With this type of system I’m going to use one fan to create a vacuum that’s going to pull the air in, through and out the cabinet. This fan is going to be placed over or in front of the upper hole so that it’s blowing/pulling air out. Since there is no air intake fan, I have to make sure that the intake hole (holes that let fresh air to be pulled in) are big enough so that the fresh air has time to circulate around the cabinet before being pulled out. I also don’t want to overwork the fan by making it blow out air that can’t be replace. I like to make the intake holes twice as big as the exhaust fan hole. That’s either going to be one big hole or several smaller holes that add up to the size that’s needed. All those holes should be covered with a mesh or screen to keep pests and particles from coming in.
by Alex Robles When we decide to move our cannabis gardens indoors, ventilation and odor control should becomes very important parts of that plan. In part one of this series I mentioned that when I build a cabinet I use the “Grow Cabinet Triangle” to make sure most of the big questions that come up…
Greenhouse growers should make sure they have multiple vents that can be opened and closed as required. Most basic, plastic-covered greenhouses have ventilation flaps that can be easily opened and closed manually. Worst case, you can open up the doors a little or remove a window pane or three from glass greenhouses.
Micro-growers cultivating a handful of plants or less in a cabinet or wardrobe can keep ventilation very simple. In fact, it can cost you nothing. If your micro-grow is in a spare room, you can open a window a couple of times per day to let some fresh air in. For those using LED, CFL, or lower power HID 250W lighting systems, excess heat is not an issue.
However, some promising odour-eliminating devices that can dispense neutralising agents round the clock are on the market. That being said, they are currently unproven technologies. There is also plenty of snake oil out there, so do some research and be shrewd.
The tried and trusted trio when it comes to eliminating cannabis odours are hands down the intake fan, outtake fan, and carbon filter combination. If you are already investing in fans and ducting, it makes sense. For the grower that wants to be certain that odour is under control, this system is the best.
Most home growers grow weed in grow tents. Modern grow tents are designed to house your ventilation system. All you need to do is put together the right kit. Ideally, you should be considering ventilation as part of your initial grow plan. The lights you choose and the size of your grow space will dictate the type of ventilation system you must utilise.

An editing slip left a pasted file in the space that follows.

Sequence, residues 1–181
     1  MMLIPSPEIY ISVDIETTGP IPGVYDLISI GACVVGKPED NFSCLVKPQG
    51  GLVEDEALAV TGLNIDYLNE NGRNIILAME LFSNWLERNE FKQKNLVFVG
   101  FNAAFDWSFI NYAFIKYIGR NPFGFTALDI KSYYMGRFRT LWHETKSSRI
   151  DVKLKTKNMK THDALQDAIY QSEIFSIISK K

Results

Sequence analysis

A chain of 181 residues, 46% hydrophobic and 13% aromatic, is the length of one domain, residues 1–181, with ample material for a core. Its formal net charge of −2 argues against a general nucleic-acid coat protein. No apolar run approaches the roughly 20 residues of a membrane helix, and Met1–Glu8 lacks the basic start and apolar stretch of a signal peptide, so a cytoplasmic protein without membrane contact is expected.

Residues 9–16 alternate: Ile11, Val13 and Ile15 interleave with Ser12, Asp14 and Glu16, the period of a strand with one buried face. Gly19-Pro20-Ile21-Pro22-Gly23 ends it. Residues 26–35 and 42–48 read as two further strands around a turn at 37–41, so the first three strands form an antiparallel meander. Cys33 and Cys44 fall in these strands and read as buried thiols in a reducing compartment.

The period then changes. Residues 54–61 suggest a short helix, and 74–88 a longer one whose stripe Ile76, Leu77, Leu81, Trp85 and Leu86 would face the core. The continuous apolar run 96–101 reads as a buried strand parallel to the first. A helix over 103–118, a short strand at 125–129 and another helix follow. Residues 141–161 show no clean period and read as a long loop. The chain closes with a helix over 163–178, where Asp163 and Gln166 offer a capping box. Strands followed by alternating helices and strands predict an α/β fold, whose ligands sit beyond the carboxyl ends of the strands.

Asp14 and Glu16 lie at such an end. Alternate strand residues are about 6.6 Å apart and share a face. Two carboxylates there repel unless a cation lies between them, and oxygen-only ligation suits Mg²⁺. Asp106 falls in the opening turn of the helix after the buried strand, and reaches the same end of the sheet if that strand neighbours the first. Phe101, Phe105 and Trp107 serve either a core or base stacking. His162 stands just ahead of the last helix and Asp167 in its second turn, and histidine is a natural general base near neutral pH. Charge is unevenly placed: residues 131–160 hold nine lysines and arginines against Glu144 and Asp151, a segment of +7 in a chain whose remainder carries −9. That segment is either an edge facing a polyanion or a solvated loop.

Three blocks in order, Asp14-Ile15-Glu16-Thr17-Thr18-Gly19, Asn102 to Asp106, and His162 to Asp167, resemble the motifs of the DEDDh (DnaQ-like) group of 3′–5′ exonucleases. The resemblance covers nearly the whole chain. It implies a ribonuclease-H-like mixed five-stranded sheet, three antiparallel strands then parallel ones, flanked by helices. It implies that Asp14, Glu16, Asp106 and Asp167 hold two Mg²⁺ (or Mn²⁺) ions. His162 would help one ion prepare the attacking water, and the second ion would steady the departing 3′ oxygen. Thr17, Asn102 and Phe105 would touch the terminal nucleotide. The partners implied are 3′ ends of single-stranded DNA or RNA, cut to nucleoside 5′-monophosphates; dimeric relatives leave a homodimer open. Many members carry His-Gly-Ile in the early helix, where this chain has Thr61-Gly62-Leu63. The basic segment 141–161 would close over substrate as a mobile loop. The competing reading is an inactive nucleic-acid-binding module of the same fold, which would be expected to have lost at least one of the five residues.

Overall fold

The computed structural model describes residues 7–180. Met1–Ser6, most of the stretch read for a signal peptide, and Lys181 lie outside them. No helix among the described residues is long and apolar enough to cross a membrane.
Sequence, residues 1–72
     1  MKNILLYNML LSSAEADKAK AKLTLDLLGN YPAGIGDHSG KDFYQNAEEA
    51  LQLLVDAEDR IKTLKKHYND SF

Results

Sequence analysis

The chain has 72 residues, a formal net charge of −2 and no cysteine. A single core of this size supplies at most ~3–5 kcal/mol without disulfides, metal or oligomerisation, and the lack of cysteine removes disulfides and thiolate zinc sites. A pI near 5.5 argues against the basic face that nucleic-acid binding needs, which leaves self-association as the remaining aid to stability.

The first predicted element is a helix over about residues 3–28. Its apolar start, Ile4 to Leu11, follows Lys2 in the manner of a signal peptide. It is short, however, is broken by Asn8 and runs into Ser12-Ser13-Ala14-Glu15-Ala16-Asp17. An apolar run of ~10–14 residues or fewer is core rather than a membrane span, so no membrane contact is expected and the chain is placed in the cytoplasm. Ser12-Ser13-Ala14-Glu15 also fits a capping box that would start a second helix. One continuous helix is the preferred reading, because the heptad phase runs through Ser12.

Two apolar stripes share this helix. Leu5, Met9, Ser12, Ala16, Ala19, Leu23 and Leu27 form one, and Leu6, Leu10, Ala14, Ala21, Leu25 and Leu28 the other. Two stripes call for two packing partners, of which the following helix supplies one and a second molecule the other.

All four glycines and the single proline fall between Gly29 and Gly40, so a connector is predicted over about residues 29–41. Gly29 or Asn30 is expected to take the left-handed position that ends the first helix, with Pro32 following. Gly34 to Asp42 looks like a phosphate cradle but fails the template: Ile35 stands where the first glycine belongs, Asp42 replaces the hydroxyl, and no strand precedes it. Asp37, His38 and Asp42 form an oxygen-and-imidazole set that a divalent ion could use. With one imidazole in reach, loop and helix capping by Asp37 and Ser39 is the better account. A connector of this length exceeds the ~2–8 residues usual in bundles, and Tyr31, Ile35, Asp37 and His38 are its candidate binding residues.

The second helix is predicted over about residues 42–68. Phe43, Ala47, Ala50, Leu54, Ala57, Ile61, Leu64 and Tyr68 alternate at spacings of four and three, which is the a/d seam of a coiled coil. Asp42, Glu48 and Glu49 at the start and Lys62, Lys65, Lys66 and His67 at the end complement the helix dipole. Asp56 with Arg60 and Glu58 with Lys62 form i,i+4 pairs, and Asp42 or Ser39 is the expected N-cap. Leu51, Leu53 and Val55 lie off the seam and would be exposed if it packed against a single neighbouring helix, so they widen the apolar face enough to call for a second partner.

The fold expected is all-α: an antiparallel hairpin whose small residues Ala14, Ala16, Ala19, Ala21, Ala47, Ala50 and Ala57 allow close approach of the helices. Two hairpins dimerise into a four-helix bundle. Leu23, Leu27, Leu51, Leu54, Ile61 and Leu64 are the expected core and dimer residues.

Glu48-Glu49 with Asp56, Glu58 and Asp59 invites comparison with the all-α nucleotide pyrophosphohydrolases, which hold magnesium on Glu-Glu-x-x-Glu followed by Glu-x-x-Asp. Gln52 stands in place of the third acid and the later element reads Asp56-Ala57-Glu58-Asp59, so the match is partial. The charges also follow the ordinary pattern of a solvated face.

Air should be exchanged every 1-2 minutes in order to maintain optimal temperatures and humidity. The aim is create negative pressure or suction. So you want to see the walls of the grow tent sucking inward when your ventilation system is up and running.
The four pieces you can’t do without are an intake fan, exhaust fan, ducting, and duct tape. If you want to mount your extractor fan inside the roof of the tent suspended from the poles, use chains or cable ties to secure it in position close to the ventilation hole. That will be in the top corner of the tent, or actually in the roof depending on the model.
Your intake fan needs to be positioned near or at ground level to connect to the hole in the bottom corner of the grow tent. Keep that ducting straight and use duct tape to secure in place. Again, the external ducting must connect to a source of fresh air, ideally a vent or window. Later, we explain how to do this discreetly.
Outside ducting will need to connect to a vent or window to exhaust hot air from the grow tent. Inside the grow tent, it is also important to maintain good airflow. Clip-on fans or an oscillating fan is all you need to create a light artificial breeze. Take care they are not too powerful or positioned too close to plants or they could suffer “wind burn”.
Ventilation is a critical factor of indoor cannabis cultivation, and in the greenhouse. Find out how to ventilate your grow-op and avoid trouble later.